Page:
• Listen: Communicate with providers and staff about their concerns, genuinely asking for feedback and working to make changes that improve their lives or reduce frustration.
  • Inform: Relay information about existing or potential labor actions to hospital leaders, protecting the identity of concerned individuals and stressing the importance of taking concerns seriously.
  • Plan: Develop a plan to deal with any labor action before it arises.

Helpful Resources or Links


This post was a collaboration between emDocs and the EMRA Health Policy Committee.

References/Further Reading:

  1. Rubin A, Lysik T. More than 330K striking Americans help unions flex power. Axios. October 16, 2023. Retrieved from: https://www.axios.com/2023/10/16/union-strike-numbers-uaw-sag-wga-kaiser
  2. Fortinsky F. Union membership plateaued in 2023 despite high-profile strikes. The Hill. January 23, 2024. Retrieved from: https://thehill.com/business/4424609-union-membership-2023-strikes/
  3. Fischer S. Why Health Care Workers Are Striking. RAND Blog. 2023 October 9. Retrieved from: https://www.rand.org/pubs/commentary/2023/10/why-health-care-workers-are-striking.html#:~:text=Health%20workers’%20unions%20have%20said,stay%20in%20their%20jobs%20longer.
  4. Marsh J. Rochester General Hospital responds to nurses strike vote. Rochester First. 11 October 2023. Retrieved from: https://www.rochesterfirst.com/news/top-stories/rochester-general-hospital-nurses-union-votes-to-strike/
  5. Russo M. NYC Hospitals Start Moving Sick Babies, Diverting Ambulances as Nurse Strike Looms. NBC News. 5 January 2023. Retrieved from: https://www.nbcnewyork.com/news/local/nyc-hospitals-start-moving-sick-babies-diverting-ambulances-as-nurse-strike-looms/4030088/#:~:text=The%20New%20York%20State%20Nurses%20Association%20estimated%20that%20the%20mere,is%20raging%2C%22%20said%20Raske.
  6. Gruber J, Kleiner SA. Do strikes kill? Evidence from New York state. American Economic Journal: Economic Policy. 2012 Feb 1;4(1):127-57.
  7. Cunningham SA, Mitchell K, Narayan KV, Yusuf S. Doctors’ strikes and mortality: a review. Social science & medicine. 2008 Dec 1;67(11):1784-8.
  8. Metcalfe D, Chowdhury R, Salim A. What are the consequences when doctors strike?. Bmj. 2015 Nov 25;351.
  9. BMJ. “Patient deaths do not increase during doctor strikes: But action should be organized in such a way that patient safety is not compromised, say US experts.” ScienceDaily. Retrieved fromwww.sciencedaily.com/releases/2015/11/151125233018.htm
  10. Essex R, Milligan W, Williams G, Weldon SM. The impact of strike action on patient morbidity: A systematic literature review. The International Journal of Health Planning and Management. 2022 May; 37(3):1311-26.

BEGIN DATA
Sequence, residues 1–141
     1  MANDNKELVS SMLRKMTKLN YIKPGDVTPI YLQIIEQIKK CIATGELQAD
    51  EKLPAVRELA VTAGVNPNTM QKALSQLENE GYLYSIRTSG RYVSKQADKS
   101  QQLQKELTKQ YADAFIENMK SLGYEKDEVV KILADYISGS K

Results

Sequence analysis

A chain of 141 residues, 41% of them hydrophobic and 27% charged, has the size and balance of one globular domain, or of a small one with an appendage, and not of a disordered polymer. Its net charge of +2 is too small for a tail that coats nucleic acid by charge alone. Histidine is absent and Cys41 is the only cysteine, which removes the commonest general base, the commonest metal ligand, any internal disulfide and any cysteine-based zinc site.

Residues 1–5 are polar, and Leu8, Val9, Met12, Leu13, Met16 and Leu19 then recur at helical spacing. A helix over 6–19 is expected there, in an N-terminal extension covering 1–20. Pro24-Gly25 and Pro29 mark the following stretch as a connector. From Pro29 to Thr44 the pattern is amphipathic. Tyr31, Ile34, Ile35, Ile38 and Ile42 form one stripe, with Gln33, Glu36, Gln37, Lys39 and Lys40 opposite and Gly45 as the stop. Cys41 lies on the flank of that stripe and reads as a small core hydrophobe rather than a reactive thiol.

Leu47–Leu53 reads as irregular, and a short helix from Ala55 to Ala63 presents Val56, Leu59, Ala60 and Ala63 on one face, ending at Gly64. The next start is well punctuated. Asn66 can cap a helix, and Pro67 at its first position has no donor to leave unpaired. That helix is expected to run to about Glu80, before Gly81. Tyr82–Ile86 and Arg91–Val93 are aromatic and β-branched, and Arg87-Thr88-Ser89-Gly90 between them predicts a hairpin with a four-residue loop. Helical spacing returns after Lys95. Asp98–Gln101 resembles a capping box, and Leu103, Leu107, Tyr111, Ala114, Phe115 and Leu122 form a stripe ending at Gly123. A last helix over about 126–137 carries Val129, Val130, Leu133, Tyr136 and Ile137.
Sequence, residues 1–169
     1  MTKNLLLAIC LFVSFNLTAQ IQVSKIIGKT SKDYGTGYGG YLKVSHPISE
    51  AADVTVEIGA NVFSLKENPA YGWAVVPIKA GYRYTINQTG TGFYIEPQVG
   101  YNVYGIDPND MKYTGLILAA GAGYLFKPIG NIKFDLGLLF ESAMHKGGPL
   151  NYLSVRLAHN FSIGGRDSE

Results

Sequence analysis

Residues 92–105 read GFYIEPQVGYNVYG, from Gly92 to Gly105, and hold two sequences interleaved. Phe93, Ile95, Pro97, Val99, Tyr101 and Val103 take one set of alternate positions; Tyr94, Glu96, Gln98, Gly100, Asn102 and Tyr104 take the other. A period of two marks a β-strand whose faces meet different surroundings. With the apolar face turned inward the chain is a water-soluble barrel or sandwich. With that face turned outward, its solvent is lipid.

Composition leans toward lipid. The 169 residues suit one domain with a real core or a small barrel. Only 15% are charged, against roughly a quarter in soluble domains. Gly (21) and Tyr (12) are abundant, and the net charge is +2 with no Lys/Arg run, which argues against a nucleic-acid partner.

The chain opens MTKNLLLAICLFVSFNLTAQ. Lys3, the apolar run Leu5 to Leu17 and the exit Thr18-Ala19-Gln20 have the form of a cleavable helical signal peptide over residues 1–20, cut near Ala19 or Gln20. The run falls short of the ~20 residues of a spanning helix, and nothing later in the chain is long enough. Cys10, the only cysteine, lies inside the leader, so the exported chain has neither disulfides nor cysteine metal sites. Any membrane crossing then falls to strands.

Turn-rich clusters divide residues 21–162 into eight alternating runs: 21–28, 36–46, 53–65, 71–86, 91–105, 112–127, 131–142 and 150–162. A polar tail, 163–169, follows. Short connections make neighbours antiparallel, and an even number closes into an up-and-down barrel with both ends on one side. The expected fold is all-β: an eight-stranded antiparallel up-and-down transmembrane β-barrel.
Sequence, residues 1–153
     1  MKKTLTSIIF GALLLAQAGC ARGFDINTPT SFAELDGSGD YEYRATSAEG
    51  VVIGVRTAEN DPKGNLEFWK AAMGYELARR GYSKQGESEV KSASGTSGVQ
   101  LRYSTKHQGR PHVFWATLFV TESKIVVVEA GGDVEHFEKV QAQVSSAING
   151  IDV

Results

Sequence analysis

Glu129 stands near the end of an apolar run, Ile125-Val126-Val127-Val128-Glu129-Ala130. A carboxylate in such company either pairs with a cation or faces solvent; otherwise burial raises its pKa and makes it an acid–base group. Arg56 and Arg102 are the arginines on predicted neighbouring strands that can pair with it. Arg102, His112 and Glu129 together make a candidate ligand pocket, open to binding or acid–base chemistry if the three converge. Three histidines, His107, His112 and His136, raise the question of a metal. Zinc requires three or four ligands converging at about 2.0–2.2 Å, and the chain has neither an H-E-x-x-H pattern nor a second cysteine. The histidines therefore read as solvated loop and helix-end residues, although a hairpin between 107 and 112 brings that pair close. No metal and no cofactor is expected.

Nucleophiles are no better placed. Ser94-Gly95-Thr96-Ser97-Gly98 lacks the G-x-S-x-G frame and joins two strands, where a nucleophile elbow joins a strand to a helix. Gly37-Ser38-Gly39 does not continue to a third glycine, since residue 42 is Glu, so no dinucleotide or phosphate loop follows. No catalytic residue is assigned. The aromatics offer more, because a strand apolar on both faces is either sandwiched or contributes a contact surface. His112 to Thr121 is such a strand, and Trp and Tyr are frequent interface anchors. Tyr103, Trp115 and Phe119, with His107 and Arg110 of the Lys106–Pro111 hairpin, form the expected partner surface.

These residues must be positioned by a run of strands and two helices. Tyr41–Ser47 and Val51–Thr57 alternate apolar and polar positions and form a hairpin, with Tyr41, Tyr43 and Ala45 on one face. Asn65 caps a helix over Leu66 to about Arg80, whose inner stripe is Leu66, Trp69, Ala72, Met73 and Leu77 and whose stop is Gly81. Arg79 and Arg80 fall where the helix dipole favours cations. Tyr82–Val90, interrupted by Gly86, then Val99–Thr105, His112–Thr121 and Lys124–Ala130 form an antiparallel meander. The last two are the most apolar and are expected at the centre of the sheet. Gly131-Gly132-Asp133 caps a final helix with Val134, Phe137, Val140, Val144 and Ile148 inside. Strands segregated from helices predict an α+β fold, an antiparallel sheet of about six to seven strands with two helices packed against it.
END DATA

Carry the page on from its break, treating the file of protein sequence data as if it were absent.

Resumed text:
11. Essex R, Weldon SM, Thompson T, Kalocsányiová E, McCrone P, Deb S. The impact of health care strikes on patient mortality: A systematic review and meta‐analysis of observational studies. Health services research. 2022 Dec;57(6):1218-34.
  12. Navarez, M. The Growing Impact of Healthcare Labor Strikes. Chartis. 3 November 2023. Retrieved from: https://www.chartis.com/insights/growing-impact-healthcare-labor-strikes#:~:text=The%20healthcare%20and%20social%20assistance,labor%20actions%20in%20the%20industry
  13. Hut N. Healthcare labor union activity gains steam: The consequences for hospitals and health systems. Healthcare Financial Management Association. 10 October 2023. Retrieved from: https://www.hfma.org/finance-and-business-strategy/healthcare-business-trends/healthcare-labor-union-activity-gains-steam-the-consequences-for-hospitals-and-health-systems/
  14. Kaye D. 75,000 Kaiser nurses, pharmacists and other workers have walked off the job. NPR. 4 October 2023. Retrieved from: https://www.npr.org/2023/10/04/1203225614/kaiser-permanente-historic-strike-health-care-workers-nationwide
  15. Ahmed AM, Kadakia K, Ahmed A, Shultz B, Li X. Trends in labor unionization among US health care workers, 2009-2021. JAMA. 2022 Dec 27;328(24):2404-11
  16. Weiner S. Thousands of medical residents are unionizing. Here’s what that means for doctors, hospitals, and the patients they serve. American Association of Medical Colleges. June 7, 2022. Retrieved from: https://www.aamc.org/news/thousands-medical-residents-are-unionizing-here-s-what-means-doctors-hospitals-and-patients-they
  17.  Yu A. 80-hour weeks and roaches near your cot? More medical residents unionize. National Public Radio. March 23, 2023. Retrieved from: https://www.npr.org/sections/health-shots/2023/03/23/1165539846/80-hour-weeks-and-roaches-near-your-cot-more-medical-residents-unionize
  18. Chima SC. Global medicine: Is it ethical or morally justifiable for doctors and other healthcare workers to go on strike?. BMC Medical Ethics. 2013 Dec;14:1-0.
  19. Thompson SL, Salmon JW. Strikes by physicians: a historical perspective toward an ethical evaluation. International Journal of Health Services. 2006 Apr;36(2):331-54.
  20. Smith J, Essex R, Issa R. On the politics and ethics of strike action by health professionals. The Lancet. 2022 Nov 9.
  21. Becker ER, Rakich JS. Hospital union election activity, 1974-85. Health Care Financing Review. 1988;9(3):59